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A word about Big Ideas and Themes — The architecture of Big Think

Big ideas are lenses for envisioning the future. Every article and video on bigthink.com and on our learning platforms is based on an emerging “big idea” that is significant, widely relevant, and actionable. We’re sifting the noise for the questions and insights that have the power to change all of our lives, for decades to come. For example, reverse-engineering is a big idea in that the concept is increasingly useful across multiple disciplines, from education to nanotechnology.

Themes are the seven broad umbrellas under which we organize the hundreds of big ideas that populate Big Think. They include New World Order, Earth and Beyond, 21st Century Living, Going Mental, Extreme Biology, Power and Influence, and Inventing the Future.

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Literary Backlog

January 31, 2010, 6:38 AM
It is thought that J.D. Salinger has written as many as ten unpublished novels that now, with his passing, may eventually see the light of day. “Was JD Salinger best known, in later years, for being the most celebrated literary recluse in the world? After 1965, he withdrew from engagement with the literary world, emerging only at the hands of the occasional journalistic tale of stalking, in a furious-looking snatched photograph, or some unsubstantiated rumours. He made no distinction between a respectful inquiring scholar like Ian Hamilton and any number of scandalous muckrakers. There have been constant rumours for 45 years that Salinger went on working – some people have claimed that he had as many as 10 full-length novels in his safe. Will we now see the publication of some posthumous, full-scale works? Some clue to the quality of these works, if any, may lie in his last publication, never issued in book form. Hapworth 16, 1924, published in the New Yorker in 1965, is a weird, interminable, almost unreadable story in the form of a letter by the grossly precocious juvenile Seymour Glass to his parents. Without the influence and judgment of editors, it looks worryingly as if Salinger was heading in a direction actively careless of the welfare of his readers.”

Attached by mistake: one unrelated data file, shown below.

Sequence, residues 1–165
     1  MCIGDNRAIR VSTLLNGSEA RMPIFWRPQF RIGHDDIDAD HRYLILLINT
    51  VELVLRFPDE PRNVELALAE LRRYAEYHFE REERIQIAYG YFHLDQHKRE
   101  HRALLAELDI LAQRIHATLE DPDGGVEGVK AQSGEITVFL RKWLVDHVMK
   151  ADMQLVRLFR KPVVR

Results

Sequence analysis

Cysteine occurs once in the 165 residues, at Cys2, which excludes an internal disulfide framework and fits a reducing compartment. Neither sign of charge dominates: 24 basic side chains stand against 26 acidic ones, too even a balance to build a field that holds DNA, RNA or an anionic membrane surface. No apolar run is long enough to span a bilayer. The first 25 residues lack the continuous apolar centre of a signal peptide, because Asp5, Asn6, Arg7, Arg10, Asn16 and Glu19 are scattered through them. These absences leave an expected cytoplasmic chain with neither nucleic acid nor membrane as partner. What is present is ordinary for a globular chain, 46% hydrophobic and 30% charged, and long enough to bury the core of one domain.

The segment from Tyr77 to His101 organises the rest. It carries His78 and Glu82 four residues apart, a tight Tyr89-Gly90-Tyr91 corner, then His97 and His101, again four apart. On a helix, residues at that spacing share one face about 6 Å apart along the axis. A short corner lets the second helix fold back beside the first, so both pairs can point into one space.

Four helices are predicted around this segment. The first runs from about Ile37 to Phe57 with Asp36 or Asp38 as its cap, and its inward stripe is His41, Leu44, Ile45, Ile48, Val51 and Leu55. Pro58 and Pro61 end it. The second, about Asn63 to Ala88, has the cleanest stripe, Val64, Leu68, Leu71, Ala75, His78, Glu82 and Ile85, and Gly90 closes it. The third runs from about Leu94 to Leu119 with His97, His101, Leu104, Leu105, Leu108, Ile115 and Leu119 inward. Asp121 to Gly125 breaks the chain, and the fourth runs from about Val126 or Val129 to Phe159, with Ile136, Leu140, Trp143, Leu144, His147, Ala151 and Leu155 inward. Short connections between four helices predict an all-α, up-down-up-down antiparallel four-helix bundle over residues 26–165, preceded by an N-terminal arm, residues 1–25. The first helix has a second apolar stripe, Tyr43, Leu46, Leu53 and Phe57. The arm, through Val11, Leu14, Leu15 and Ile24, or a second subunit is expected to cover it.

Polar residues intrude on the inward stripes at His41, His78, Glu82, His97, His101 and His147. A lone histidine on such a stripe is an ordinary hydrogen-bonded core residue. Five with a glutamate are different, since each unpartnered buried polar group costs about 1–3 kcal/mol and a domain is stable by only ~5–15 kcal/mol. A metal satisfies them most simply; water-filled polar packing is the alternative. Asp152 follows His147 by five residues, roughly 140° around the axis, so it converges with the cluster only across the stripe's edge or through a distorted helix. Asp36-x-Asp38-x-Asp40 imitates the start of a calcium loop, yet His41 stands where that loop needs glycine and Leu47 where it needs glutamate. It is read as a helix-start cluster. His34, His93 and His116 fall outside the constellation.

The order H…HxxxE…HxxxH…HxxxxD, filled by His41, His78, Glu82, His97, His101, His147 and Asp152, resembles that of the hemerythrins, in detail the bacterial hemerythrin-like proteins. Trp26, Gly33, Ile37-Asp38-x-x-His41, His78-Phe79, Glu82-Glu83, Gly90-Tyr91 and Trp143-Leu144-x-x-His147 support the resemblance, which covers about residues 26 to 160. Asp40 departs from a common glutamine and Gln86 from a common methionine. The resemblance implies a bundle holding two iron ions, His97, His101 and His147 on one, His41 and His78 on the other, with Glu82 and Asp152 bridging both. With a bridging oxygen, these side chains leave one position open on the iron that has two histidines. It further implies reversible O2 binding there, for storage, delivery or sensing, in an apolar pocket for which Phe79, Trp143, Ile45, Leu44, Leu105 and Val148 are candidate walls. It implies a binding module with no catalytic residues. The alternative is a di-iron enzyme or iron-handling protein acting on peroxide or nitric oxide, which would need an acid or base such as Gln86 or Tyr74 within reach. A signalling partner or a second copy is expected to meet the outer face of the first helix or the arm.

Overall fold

Literary Backlog

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